As a freelance composer, I am constantly striving to improve my work flow. Work flow is the order or method used to complete a project. While each artist will have their own workflow, it can change depending on the project. Here are some tips on organizing, optimizing and implementing your workflow for whatever project you’re working on:
Break the project into smaller parts by mapping it out
While this might seem like an obvious starting point, have you ever taken the time to map out every conceivable aspect of your project? Have you researched the work flow of other people in your field? You’d be surprised at how complex a project truly is once you map it out. You may even discover a new aspect to add to it that you hadn’t considered before! You can use this flowchart maker to create a template for use on your projects. You can also create a simple list using evernote to accomplish this. Take a half hour to write out every possible aspect of your project that you can think of, research how other people map out their projects and then create your own project map.
The path of least resistance
Now that you have your chart ready, you can decide where you want to start. Look through your map and assess which steps are going to be the easiest versus the more difficult ones. Start with the easier ones. Who cares if you’re doing easy work first, you’ve got to get it done eventually, right? Once this is finished, move on to the next easiest item on the map.
Sometimes you have to do some of the tough work before you can get to the easier work; maybe you need to have a solid story line established before you can get into the character designs and mechanics. The unavoidable aspect of the path of least resistance is that it will always lead you to more difficult tasks. It is here that we find ourselves getting stuck or unmotivated. Check out my blog post on motivation for what to do if you’re not feeling motivated. For times when we feel stuck or intimidated by one of the tougher tasks, I like to implement the rule of three.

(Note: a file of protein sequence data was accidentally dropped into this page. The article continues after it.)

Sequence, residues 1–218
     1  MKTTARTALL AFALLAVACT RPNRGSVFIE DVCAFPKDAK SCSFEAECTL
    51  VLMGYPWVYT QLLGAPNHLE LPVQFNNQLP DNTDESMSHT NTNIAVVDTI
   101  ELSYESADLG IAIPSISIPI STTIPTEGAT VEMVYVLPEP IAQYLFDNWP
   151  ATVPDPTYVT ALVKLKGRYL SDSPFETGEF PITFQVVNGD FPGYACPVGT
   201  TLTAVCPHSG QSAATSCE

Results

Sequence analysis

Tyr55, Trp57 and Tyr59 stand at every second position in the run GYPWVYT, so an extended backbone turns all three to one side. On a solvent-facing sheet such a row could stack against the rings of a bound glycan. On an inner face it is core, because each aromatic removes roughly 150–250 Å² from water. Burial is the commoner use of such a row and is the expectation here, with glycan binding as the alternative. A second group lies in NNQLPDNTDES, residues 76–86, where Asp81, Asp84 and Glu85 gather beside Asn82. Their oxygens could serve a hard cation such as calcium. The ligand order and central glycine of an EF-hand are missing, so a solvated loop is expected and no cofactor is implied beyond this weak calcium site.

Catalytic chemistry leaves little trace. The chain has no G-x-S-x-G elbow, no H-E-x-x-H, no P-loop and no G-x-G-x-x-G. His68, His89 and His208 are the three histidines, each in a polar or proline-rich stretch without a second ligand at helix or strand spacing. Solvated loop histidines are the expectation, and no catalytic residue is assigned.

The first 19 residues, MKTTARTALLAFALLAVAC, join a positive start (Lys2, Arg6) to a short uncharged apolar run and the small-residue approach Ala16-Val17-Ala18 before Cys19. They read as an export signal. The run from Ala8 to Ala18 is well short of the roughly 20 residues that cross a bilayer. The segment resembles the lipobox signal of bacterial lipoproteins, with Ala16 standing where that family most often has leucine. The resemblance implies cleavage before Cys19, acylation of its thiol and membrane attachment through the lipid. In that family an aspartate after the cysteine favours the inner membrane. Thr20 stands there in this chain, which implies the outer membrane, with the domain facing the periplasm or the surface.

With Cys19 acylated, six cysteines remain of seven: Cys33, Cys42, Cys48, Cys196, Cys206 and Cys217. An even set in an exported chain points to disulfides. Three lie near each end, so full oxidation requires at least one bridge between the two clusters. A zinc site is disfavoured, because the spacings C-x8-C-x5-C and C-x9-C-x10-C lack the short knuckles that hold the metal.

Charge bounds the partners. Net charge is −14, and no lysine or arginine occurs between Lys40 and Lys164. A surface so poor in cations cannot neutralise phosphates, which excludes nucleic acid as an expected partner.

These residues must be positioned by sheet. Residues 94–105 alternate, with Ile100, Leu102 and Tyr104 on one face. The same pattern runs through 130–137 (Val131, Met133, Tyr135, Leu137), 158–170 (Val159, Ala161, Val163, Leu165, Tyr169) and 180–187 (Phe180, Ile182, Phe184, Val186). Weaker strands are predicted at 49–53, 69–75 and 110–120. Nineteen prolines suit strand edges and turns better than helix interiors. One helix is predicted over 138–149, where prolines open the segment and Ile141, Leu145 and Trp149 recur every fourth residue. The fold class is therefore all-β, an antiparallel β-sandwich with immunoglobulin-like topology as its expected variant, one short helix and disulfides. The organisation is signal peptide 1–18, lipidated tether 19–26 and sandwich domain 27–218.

The rule of three
The most difficult tasks seem to be the ones that we feel the weakest on or have the least experience with. It’s while working on these tasks that I often implement the rule of three. The rule of three is the principle that you will always make at least three different versions of what you’re working on to give you different options to work with. Let’s say that you’re not sure what your character will look like, instead of doubling down on the first draft that you’re not too thrilled on, make two more different versions. Strive to make each version as unique from the others as possible. This will more than likely cause a breakthrough. If you still aren’t making anything that you’re happy with after following the rule of three, follow the rule of three again! If you don’t use these ideas on your current project, you can always save them and use them for something else!
Following the rule of three might seem like it’s slowing you down but the benefits are worth the effort. Not only are you giving yourself perspective on what you’re working on, you’re literally sharpening your creativity by giving yourself extra repetitions. It actually gives you more freedom because you know that you have multiple tries to get something right as opposed to being crushed by the pressure if trying to get something right on the first try.
The rule of three can be used in any aspect of your project, from what your character’s arms are going to look like to figuring out what type of game you want to make. You can think of the rule of three as a way to implement the path of least resistance on a difficult task.
Developing a game, writing music or creating art tends cause us to focus in like a microscope lens. Its easy to lose perspective on what you’re doing after you’ve put in 3 continuous hours or work a day for several weeks. It’s critical that you learn how to detach from what you’re focused on so that you can gain a wider perspective on things. Perhaps the purest form of detachment is meditation. I simply think of meditation as sitting quietly for a few minutes while gently pushing thoughts away as they try to creep into my mind. You can use meditation virtually at any time and any place. Another form of detachment is getting feedback from someone you trust and respect. Reach out to someone to give you feedback on what you’ve made and try to take in as much advice as you can. If you really want some perspective, you’ll seek advice from several people at once so that you can see the contrasts or consistencies in the feedback! Don’t be afraid to ask for critiques, most people love giving constructive criticism and find it flattering that you would seek their expertise. Another way to detach is to defer to the path of least resistance. Temporarily move on to another aspect of your project in order to give yourself something else to think about (preferably something that contrasts with what you were working on).
Mapping your project out, following the path of least resistance, implementing the rule of three and learning how to detach are great ways to keep your workflow moving and will give you options when you are starting to feel stagnant or burned out. Thank you for reading! Good luck on your projects!